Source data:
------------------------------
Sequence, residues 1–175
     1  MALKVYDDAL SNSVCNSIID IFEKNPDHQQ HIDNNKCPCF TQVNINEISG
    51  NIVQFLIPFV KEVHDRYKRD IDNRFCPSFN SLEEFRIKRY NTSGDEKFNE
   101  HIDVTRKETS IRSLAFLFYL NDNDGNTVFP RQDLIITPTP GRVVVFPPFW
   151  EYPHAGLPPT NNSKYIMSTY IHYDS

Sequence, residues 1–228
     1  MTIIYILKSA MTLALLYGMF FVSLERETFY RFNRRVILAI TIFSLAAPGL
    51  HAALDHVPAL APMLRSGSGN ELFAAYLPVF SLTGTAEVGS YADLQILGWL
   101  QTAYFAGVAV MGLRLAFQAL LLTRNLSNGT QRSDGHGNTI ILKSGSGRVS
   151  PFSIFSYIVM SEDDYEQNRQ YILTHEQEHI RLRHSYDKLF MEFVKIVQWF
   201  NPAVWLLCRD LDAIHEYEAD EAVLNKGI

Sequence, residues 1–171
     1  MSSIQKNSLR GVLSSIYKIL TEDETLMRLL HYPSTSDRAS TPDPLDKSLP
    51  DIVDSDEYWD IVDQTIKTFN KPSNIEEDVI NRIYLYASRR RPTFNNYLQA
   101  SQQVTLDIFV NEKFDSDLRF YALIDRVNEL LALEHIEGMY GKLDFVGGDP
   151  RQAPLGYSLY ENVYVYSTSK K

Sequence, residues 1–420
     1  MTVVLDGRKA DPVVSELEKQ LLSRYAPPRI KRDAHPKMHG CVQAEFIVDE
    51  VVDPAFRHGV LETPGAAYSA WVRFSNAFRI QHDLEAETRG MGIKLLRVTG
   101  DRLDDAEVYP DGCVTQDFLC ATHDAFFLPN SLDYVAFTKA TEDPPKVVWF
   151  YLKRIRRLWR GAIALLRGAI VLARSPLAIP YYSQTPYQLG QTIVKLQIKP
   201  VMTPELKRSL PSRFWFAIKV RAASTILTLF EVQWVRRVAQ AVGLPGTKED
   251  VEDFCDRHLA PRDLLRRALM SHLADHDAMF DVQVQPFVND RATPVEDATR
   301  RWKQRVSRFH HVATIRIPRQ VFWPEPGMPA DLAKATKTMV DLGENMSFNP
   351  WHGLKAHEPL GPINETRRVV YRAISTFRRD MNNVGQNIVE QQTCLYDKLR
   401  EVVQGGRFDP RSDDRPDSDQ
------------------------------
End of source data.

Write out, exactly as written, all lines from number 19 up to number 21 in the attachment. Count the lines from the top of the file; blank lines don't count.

    51  VVDPAFRHGV LETPGAAYSA WVRFSNAFRI QHDLEAETRG MGIKLLRVTG
   101  DRLDDAEVYP DGCVTQDFLC ATHDAFFLPN SLDYVAFTKA TEDPPKVVWF
   151  YLKRIRRLWR GAIALLRGAI VLARSPLAIP YYSQTPYQLG QTIVKLQIKP